- Continue to grow your network - As you win work and connect with more individuals and businesses, continue to engage with them across social channels and in person. Building on already-established relationships may be easier than creating new ones.
- Be flexible - Despite all your best efforts to plan and structure your routine, being a freelancer inherently involves flexibility. There may be times when you’re asked to do work you’re inexperienced with, or you work with clients in varying time zones. As a general rule, be as open and flexible as possible, especially in the early stages when your business grows.
What are some useful tools for freelancers to use?
Software and tools can save you countless hours and help you manage your business more effectively. The smoother the operation, the easier it will be to focus your time on what matters most. We’ve listed some tools that freelancers can use to improve the day-to-day running of their business:
- Project management software - Such as Asana, Trello, Monday, ClickUp and Basecamp can help you manage your tasks and working calendar. If you’re collaborating with other team members, you can share the visibility of tasks and make it easier to work together.
- Time tracking - Such as Toggl, Harvest and FreshBooks. These tools can be useful if you’re charging by the hour or you want to track how long certain tasks take you so that you can improve how you bill for them in the future.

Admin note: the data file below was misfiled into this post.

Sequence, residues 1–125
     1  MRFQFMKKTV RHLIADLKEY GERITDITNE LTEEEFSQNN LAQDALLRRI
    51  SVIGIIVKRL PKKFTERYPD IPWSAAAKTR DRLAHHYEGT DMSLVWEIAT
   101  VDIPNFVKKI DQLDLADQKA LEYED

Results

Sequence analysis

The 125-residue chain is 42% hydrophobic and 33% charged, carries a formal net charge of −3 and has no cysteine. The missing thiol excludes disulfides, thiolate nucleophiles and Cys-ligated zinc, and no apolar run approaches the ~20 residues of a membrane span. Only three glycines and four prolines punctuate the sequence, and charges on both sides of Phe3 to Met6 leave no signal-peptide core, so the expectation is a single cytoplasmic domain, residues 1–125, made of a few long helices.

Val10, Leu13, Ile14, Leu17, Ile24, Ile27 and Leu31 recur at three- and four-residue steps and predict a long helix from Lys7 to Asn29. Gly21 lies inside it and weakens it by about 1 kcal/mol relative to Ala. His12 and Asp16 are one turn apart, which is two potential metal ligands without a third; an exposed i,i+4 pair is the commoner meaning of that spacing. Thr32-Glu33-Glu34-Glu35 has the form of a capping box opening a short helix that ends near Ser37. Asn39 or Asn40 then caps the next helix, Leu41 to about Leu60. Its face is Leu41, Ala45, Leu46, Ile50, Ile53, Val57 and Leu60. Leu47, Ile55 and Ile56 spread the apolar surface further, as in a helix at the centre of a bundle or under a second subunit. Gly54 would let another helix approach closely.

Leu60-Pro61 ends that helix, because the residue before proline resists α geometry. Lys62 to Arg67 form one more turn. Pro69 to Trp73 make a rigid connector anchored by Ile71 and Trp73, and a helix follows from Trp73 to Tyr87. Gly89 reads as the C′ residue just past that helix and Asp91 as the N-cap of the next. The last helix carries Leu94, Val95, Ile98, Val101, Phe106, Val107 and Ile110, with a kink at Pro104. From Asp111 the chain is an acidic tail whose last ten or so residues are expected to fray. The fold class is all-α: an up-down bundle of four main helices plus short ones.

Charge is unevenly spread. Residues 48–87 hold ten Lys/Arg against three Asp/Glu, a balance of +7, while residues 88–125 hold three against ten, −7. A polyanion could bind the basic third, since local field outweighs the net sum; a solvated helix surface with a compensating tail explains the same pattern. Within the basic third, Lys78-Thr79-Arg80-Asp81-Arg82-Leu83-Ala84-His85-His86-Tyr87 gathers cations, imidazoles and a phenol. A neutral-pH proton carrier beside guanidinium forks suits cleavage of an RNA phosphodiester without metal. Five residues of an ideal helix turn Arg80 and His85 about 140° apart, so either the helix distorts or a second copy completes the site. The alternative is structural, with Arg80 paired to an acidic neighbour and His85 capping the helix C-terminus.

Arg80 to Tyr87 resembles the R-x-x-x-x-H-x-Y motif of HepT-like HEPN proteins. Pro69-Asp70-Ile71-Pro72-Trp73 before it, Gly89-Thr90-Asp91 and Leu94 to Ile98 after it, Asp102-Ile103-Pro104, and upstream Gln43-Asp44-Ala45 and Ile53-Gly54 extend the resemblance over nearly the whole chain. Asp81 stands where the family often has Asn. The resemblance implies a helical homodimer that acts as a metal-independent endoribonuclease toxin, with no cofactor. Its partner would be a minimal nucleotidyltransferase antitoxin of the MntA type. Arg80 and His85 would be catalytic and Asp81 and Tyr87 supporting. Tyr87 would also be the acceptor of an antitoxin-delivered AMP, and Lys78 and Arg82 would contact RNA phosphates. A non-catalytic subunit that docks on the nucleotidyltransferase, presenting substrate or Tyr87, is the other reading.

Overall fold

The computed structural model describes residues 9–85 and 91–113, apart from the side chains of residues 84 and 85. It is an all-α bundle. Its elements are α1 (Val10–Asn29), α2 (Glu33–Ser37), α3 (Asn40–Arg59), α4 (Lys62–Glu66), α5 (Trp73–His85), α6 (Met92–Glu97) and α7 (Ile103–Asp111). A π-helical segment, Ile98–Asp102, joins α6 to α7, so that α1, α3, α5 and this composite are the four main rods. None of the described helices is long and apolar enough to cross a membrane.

- Communication - Your clients will likely use varying communication tools, so having them downloaded and becoming familiar with them will help avoid any awkward technological issues in the future. Some popular tools include the likes of Slack, Skype, Microsoft Teams and Zoom.
- Productivity apps - There are many apps that aim to help you stay productive instead of getting distracted. Whether there’s a specific website that you find it difficult to stay away from or you’re prone to picking up your phone, examples include tools such as Freedom and Forest.
- File storage and sharing - You’ll likely need to send and receive files throughout your career, and emails won’t work for large files or keeping documents secure. Tools such as Google Drive, Dropbox and WeTransfer all make it easy to do.
How UK Postbox can help freelancers
While we can’t help you with the work you’ll complete as a freelancer, we do offer a service utilised by many professional individuals and businesses across the world.
Our virtual business address and online mail management platform is a multi-purpose solution that equips you with an address you can use for your business, as well as software to receive, send and manage all business post. Here’s some more information:
- Virtual business addresses - Your company will need an address at some point in time. Whether that’s for receiving mail, for use on your website and emails, for receiving post, or when registering your business. You have several options, such as using your home address or an office, but these options may not offer you much privacy or be expensive solutions.
- Online mail management - Our platform allows you to manage your business mail from our platform or app. When mail is sent to your virtual address, we’ll receive it and scan it into an online account for you to view. You can store, destroy and respond to mail using the same system. In short, you can manage all business mail remotely.